Friday, September 18, 2009

Shelly Is Coming!

Who: Shelly - missionary at the Pass Creek Church of God in village of Allen on the Pine Ridge Reservation

What: Shelly will be speaking about life on the Pine Ridge Reservation

When: Wednesday, Oct. 7th @ 7pm

Where: Winton Rd. First Church of God, 6200 Winton Rd. Fairfield, OH

This is a real treat so BE THERE!

Thursday, September 10, 2009

The Ultimate Betrayal by Rachel K

The following is written by Rachel, one of our team members who went to the Rez with us this past summer.

Remember learning about native americans or' indians' in school? We learned how the English 'discovered' America and how they had to defend themselves against savage natives? We were taught that the Forefathers of this great nation acted in the best interest of its 'people'. Only at Thanksgiving did we learn how the native americans befriended the settlers and played a huge part in their survival.

We were not taught the entire truth. We were only taught what the government wanted us to learn. The very same government that controls our schools took away the pride, culture, beliefs, and freedoms of the native americans and placed them on reservations. That very same government deceived the natives for their own benefit, with no regard for life of women or children. That very same government wanted to annhilate the natives; the very same natives that believed we could share the land and live peacefully together. Now many will say this was to better America. But I ask, better for whom?

Have you ever wondered what life on a reservation is like for the indians? Have you ever given thought to giving up life the way you know it and being forced to conform or die to another's ways? You would lose all freedoms and sense of who you are and where you come from. What comes to mind when you think of indians? I've heard the phrase 'drunken indian' many times. Have you ever wondered why?

If you've had your entire life stripped from you and you have no hope to offer your children and future generations, what else is there? The indians were forced to live on the reservations, conform to 'civilized society', and survive on small rations; forced to succumb to the very same government who placed them there. They were compelled to give up their religions, customs, history, and ultimately their livelihood.

Now, you might be wondering why I speak of these things or why I even care. It is because I have seen this firsthand. This past July I went to the Pine Ridge Indian Reservation, home of the Oglala Lakota Sioux, with a church. We had VBS for the children of Allen, SD, distributed backpacks with supplies to three villages, and constructed a room addition for an elderly woman who's kitchen was outdoors. This was a life-altering trip. There weren't many ways to prepare for what I would experience. I did read (and suggest to you) "Bury My Heart at Wounded Knee" by Dee Brown. Now this is unlike any story you would ever hear in a classroom. This is the true story of deceit, larceny, murder, and even genocide. HBO even made a movie based on this book, however, I suggest both.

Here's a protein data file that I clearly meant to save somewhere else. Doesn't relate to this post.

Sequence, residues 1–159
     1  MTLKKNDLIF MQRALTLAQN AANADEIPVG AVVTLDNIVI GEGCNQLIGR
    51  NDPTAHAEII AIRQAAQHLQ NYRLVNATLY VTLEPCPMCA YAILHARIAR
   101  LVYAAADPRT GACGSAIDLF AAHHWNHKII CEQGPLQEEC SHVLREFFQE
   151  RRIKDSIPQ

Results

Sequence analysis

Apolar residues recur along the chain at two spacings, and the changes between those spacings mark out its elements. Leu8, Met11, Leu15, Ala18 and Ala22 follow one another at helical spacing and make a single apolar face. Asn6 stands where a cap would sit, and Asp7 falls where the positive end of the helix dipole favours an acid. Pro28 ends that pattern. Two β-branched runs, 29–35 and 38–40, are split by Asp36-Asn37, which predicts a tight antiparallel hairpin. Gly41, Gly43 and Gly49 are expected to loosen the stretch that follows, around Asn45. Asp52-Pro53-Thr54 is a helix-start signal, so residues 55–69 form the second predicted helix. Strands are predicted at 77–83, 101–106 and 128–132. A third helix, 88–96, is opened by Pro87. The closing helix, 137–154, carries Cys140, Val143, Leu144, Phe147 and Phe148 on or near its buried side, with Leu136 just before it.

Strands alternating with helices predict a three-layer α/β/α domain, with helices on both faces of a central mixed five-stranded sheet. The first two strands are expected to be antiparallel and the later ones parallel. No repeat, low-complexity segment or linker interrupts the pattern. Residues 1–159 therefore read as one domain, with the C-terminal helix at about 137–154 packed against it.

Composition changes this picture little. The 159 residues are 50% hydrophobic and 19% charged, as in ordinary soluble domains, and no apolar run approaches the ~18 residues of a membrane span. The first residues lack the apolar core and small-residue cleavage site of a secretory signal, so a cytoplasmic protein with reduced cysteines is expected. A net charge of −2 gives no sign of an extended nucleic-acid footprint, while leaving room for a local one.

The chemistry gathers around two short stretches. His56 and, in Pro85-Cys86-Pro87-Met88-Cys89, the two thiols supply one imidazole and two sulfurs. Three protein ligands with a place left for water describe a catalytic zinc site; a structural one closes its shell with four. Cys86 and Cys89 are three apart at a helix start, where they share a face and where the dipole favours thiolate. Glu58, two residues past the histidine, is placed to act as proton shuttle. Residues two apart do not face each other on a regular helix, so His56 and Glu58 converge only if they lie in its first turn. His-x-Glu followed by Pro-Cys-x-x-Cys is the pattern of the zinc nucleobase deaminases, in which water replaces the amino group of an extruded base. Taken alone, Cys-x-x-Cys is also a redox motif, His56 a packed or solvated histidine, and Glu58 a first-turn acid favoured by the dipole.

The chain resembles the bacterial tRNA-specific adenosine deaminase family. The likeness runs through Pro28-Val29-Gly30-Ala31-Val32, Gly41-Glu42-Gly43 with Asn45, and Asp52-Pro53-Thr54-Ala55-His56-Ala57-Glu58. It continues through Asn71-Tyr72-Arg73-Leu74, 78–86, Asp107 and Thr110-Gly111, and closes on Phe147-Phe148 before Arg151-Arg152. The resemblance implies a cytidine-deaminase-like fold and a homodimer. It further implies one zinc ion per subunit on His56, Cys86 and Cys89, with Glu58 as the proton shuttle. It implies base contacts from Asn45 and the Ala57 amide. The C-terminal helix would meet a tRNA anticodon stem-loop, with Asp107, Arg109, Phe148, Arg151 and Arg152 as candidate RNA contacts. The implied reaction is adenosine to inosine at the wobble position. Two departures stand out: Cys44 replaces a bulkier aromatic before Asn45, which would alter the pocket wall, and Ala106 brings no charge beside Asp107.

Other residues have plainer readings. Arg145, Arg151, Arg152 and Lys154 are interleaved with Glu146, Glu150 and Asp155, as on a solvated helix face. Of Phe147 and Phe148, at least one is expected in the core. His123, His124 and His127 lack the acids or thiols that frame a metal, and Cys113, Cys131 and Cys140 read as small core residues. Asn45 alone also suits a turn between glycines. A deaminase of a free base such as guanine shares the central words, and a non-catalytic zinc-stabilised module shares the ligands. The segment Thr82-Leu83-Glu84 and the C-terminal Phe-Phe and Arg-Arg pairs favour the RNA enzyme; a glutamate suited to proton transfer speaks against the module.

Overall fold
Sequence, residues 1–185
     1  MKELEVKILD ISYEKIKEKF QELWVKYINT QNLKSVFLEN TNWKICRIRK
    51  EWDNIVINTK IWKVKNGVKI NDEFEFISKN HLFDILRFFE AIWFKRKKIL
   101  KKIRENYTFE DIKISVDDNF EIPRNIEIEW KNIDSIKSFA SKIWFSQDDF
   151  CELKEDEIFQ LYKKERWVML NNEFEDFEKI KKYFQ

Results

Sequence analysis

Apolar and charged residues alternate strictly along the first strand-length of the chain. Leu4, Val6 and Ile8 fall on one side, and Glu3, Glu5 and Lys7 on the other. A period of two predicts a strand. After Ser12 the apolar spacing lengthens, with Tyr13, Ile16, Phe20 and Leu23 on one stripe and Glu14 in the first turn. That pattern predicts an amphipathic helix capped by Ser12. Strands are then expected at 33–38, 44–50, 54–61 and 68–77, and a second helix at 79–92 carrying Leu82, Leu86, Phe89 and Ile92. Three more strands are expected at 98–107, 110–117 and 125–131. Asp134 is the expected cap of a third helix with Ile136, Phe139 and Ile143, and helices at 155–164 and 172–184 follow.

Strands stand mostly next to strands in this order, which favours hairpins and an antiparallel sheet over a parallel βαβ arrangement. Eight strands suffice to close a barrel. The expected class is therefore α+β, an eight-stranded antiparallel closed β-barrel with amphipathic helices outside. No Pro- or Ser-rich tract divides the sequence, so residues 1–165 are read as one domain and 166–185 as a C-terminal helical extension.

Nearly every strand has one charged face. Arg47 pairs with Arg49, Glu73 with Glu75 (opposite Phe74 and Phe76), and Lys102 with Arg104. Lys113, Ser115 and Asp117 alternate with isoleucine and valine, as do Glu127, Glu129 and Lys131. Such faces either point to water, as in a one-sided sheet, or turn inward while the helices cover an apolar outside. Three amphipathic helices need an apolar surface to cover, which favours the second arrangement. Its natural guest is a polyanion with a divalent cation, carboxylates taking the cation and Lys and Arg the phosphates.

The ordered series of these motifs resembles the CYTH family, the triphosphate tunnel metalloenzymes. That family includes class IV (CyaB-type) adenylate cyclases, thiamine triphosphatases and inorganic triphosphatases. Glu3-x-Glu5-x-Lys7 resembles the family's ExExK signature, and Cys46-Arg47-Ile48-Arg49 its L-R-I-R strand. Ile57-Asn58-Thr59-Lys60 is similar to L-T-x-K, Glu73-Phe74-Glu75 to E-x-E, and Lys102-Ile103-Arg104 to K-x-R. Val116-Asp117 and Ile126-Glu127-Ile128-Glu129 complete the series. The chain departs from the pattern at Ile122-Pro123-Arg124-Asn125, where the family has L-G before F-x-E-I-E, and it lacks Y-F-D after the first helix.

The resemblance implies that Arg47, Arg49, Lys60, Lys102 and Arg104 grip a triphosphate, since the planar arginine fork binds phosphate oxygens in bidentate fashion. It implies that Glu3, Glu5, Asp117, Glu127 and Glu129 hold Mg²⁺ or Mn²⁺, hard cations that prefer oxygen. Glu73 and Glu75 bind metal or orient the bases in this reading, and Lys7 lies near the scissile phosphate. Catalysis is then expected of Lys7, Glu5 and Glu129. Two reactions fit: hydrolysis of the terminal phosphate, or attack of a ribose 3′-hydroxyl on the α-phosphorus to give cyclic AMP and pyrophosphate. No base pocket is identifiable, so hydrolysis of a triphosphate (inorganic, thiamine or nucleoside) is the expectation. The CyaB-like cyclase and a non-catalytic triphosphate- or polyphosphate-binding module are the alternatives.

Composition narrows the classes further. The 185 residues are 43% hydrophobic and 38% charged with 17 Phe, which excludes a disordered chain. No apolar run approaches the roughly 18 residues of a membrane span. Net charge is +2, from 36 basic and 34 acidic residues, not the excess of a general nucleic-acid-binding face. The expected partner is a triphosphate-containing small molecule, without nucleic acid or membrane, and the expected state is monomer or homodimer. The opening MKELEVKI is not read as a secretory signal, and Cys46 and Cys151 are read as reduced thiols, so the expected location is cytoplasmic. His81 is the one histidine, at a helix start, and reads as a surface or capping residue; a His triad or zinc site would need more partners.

I can honestly say that I didn't really remember much about Wounded Knee from school. Most average Americans probably do not. The book tells of the downfall of the native americans beginning with the 'discovery' by the English to the massacre that took place at Wounded Knee Creek. It was December 1890, after the death of Chief Sitting Bull, that the 7th calvary was ordered to disarm the tribe of Chief BigFoot. A shot rang out as a deaf tribesman struggled in confusion to give up his rifle. This set off a chain reaction of mayhem and fighting between the two sides. By the time it ended, nearly 300 men, women, and Lakota children were killed. Due to a blizzard, it would be several days before any remains would be buried. A mass grave was dug for the slain victims of the massacre. I was able to stand and look upon this mass grave and knowing the tragedy that took place underneath my feet, I mourned. I mourned for the Lakota people killed there in Wounded Knee. I mourned for the Lakota people who are still living there today under the oppression of this life. I mourned for all native tribes that had their dignity and lives stripped from them.